The New Tohoku initiative is a collaboration among NPO’s, universities, as well as both the public and private sector intended to resurrect areas impacted by the triple disaster. The first goal, clearing the land of debris, was followed by the need to reconstruct entire villages, towns and even large sections of cities – a massive undertaking that is still ongoing.
Even if achieved, rebuilding does not resolve the issue of luring evacuees and industry back to these regions so as to establish sustainable communities long-term. According to the Reconstruction Agency, whereas nearly 470,000 people were displaced in 2011, less than 30,000 remain in “temporary” housing today. This is good news. Yet even though the agriculture and seafood industries have largely been restored as radiation safety concerns have abated and land has been cleared of debris, 340,000 people left the region entirely. One suspects most are not coming back.
Tohoku’s revitalization is unique among Japan’s struggling regions as it has a huge, multi-faceted disaster to manage on top of population decline. Rebuilding will be a decades-long effort and throwing money at it is key, but this only goes so far nationally. It is true that the government has spent over ¥40 trillion on recovery efforts since 2011, with ¥13 trillion going to constructing permanent housing and rebuilding infrastructure in tsunami-affected towns. However, a lot of these initiatives encompass spending massive amounts of government funds to rebuild communities that people are simple not returning to. And that is just Tohoku. How about other regions of Japan?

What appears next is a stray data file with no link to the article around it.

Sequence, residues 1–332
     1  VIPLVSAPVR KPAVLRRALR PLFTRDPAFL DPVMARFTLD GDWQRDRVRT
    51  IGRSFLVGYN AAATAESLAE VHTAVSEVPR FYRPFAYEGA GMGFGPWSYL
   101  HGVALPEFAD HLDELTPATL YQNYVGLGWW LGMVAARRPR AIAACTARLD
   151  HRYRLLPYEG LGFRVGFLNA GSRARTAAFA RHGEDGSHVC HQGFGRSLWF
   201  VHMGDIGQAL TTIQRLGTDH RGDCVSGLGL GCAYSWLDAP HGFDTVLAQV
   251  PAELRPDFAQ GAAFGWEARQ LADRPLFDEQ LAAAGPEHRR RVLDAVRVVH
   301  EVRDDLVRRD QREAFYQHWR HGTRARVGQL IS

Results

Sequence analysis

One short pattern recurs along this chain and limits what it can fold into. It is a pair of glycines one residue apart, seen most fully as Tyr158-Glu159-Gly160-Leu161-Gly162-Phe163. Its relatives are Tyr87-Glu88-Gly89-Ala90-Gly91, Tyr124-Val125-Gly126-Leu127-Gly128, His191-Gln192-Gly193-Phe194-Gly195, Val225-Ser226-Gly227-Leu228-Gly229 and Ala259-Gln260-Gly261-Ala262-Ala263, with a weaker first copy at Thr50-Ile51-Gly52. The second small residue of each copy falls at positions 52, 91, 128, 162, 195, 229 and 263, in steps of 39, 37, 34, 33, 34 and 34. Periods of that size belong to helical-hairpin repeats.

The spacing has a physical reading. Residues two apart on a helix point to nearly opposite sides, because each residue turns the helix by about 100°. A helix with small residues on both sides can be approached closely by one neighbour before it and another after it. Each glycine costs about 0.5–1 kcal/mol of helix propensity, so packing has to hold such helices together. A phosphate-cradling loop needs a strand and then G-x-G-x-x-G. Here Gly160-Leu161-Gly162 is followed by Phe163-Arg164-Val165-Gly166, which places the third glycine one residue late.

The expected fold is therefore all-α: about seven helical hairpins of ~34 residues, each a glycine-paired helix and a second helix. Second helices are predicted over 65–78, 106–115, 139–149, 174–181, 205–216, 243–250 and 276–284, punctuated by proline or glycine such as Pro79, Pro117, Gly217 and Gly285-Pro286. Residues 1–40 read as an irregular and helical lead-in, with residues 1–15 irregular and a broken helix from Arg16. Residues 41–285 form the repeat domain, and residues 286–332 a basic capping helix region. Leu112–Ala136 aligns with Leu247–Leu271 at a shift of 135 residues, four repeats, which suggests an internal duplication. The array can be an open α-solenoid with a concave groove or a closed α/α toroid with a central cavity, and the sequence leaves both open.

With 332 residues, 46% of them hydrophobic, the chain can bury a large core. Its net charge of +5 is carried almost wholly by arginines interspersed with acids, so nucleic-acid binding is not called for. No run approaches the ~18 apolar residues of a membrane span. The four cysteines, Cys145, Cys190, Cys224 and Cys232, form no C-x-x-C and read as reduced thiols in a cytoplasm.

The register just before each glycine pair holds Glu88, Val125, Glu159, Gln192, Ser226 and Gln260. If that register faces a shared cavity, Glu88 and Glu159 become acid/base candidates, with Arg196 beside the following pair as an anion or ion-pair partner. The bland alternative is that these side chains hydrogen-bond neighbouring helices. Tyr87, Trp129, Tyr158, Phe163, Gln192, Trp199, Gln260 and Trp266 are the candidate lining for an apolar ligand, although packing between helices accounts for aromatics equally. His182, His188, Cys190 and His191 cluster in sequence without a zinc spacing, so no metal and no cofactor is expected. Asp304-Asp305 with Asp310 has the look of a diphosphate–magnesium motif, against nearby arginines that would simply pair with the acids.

Expanded Government Efforts
Japanese leaders know they have a problem on their hands. Where and how can long-term economic growth be maintained? One response was a key part of the late Prime Minister Abe’s Three-Arrow initiative. Commonly referred to as the Regional Revitalization Plan, the intent was to stimulate growth nationally through monetary easing (from the Bank of Japan), fiscal stimulus (via government spending), and structural reforms (including regional revitalization). The Japanese government’s strategy is consistent: support at the national level must be accompanied by determined regional efforts. Central to this idea are various councils on Regional Industrial Competitiveness which form a base for initiatives attempting to consolidate and streamline decision-making.